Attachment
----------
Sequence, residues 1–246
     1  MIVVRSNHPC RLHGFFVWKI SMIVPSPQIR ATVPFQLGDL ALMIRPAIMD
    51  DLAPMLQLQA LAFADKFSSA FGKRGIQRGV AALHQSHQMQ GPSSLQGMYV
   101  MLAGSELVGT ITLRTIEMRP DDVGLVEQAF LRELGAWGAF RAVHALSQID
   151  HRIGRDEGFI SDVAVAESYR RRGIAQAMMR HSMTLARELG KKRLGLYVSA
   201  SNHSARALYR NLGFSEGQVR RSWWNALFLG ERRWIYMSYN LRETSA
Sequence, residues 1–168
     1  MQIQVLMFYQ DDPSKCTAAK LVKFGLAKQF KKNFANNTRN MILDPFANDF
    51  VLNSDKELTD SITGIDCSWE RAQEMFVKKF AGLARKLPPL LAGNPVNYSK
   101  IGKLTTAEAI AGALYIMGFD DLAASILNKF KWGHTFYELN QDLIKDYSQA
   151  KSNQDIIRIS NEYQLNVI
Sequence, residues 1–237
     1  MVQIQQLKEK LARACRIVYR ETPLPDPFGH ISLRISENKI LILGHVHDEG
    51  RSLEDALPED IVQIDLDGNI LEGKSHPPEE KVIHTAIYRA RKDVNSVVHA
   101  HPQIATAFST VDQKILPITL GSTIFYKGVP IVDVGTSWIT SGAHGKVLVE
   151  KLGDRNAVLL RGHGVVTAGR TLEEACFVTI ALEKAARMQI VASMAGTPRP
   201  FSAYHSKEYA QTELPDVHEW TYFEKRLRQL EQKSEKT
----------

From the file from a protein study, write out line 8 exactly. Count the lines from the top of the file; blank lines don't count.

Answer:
     1  MQIQVLMFYQ DDPSKCTAAK LVKFGLAKQF KKNFANNTRN MILDPFANDF